General electric has functions in many underdeveloped countries, For instance, in 2008; GE completed the Hamma Seawater Desalination Plant, the largest desalination plant in northern Africa, which provides 2 million Algerian residents with a reliable way to obtain fresh normal water every day. Through innovatory thinking and cutting-edge technologies from GE's Oil & Gas and Power & Water businesses, GE can solve some of the problems that Algeria faces under today's harsh climate, while assisting to position them for a brighter tomorrow.
Also, graduate students in US compete to get entry-level positions with diversified corporation such General electric and Berkshire Hathaway and this provides them opportunities like the hiring of high calibre of employees. Other General Electric Success reason is the corporation's strong core values: which are the underlying principles that guide an organization's strategy. Collins and Porras (2002) have argued that the long- run success of many US corporates-such as General Electric and Disney can be attributed (at least partly) to strong core values. The company employees consider their culture within innovation, a culture that was built over decades by their leaders and which is still the unifying force for the countless GE business units around the world.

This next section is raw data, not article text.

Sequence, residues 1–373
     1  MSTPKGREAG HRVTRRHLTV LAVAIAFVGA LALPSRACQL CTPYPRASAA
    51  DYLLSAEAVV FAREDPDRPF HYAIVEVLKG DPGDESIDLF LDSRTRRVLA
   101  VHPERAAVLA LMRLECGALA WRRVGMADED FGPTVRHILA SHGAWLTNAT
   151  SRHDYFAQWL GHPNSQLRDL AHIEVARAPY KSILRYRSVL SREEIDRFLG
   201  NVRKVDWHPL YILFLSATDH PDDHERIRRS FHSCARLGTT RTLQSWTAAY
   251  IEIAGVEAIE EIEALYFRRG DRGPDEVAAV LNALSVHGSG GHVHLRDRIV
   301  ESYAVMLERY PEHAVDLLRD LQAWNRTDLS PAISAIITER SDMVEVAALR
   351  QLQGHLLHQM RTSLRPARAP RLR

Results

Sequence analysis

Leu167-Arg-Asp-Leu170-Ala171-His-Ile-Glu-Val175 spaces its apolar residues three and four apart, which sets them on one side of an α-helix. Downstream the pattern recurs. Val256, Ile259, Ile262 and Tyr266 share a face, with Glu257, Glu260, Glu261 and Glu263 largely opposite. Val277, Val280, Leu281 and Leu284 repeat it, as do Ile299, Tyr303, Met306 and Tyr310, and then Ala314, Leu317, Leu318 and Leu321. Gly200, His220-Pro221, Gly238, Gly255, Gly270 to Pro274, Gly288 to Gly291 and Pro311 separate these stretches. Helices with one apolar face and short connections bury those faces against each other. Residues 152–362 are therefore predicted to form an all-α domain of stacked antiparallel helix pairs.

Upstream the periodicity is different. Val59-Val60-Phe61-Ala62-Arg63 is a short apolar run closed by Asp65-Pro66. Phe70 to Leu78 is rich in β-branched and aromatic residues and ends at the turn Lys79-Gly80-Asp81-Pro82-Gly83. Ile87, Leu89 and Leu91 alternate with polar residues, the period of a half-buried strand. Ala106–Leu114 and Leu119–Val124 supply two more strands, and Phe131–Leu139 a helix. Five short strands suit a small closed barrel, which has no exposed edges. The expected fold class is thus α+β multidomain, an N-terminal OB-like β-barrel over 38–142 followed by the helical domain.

While, communicating the strategy can be an important within the company: Both corporation communications should be centered on the key components of the strategy, avoiding unnecessary detail or complex language. For instance, CEO jack Welch's famous statement that General electric should 'either be number 1 or number two' in all its markets. This plan clearly implies that General Electric is a company that always strives hard to be a dominant player wherever the business competed. On the other hand, some of the main sources of value creation within diversified businesses will be the ability to apply common general management capabilities, strategic management systems, and resource allocations processes to different businesses. Such economies rely upon the existence of strategic rather than Operational commonalities among the several businesses within the diversified corporation (Robins and wiersema, 2002).
Berkshire Hathaway is involved with insurance, candy stores, furniture, kitchen knives, jewellery, and footwear. Not surprisingly diversity, each one of these businesses have been selected based on their ability to take advantage of the unique design of management established by warren buffet and CEO Charles Munger. The essence of such strategic-level linkage is the ability to apply similar strategies, resource allocation procedures and control systems across different businesses within the organization portfolio (Grant, 1988).